I believe the time has come for hunters to redefine what they perceive as a "trophy". Not because I think hunters need to justify their actions, but because hunting is not, and never has been, a competitive sport. For example, Kristina my wife recently harvested her first elk. Kristina is relatively new to hunting and this event was something very special to her. She practiced with her rifle all summer and became a competent shot. She scouted her area, made a plan, hiked and hunted hard, and after several days of effort finally tied her tag to the leg of a big cow she took with a single well placed bullet. I was there. The effort involved in this success brought us closer together, created memories and stories we will relive a thousand times, and put healthy and delicious food in our freezer. The cow she killed lived in an area struck by drought, and unless the herd size was decreased they certainly would have over-grazed their range, impacting not just their own well being, but the health of many other game and non-game populations dependent on that habitat. Kristina is having that cow mounted and even though others have snickered over it, including the taxidermist doing the work, we make no apologies. Every time I look at that cow hanging in the den, I will be able to drift back to the time we shared. The memory is precious to me. Had she not harvested her elk, and I had, would I have mounted my animal? Probably not, as I have been blessed to take many elk in my hunting career. But my first elk, many years ago, was also a cow and I admit I wish I had mounted it now, even if it meant I would suffer criticism over doing so.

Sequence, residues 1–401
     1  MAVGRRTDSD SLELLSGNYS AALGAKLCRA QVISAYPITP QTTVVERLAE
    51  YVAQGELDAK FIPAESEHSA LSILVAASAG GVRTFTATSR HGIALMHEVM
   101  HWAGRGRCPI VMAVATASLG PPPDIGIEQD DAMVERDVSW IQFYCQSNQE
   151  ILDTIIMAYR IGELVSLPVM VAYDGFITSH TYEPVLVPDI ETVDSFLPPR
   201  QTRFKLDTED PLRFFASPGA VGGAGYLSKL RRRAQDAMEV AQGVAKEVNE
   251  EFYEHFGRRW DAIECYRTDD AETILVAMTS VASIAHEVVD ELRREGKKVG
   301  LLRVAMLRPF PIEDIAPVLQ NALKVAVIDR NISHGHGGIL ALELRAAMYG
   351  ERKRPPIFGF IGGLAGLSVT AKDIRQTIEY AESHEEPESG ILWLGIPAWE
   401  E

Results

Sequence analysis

My father taught me that killing an animal should never be taken lightly. When I take a life I must be reflective, or I may become callous and develop into a killer rather than a hunter. I risk forgetting the life I took was a gift of the land, and when receiving a gift it is distasteful and rude to criticize or refuse it. When I am in the mountains I am not shopping, but hunting. I take the animal offered to me with a grateful heart, as I suspect any other predator might. Whether that animal is a cow or bull, buck or doe, calf or fawn I do not care. I hope the young and forming mind of my little boy will grasp all of that as he sits around a campfire with my friends and I in hunting camp. I will do my best to help him understand what “trophy” really should mean.


What Trophy Really should mean

Hello Mr. Parsons,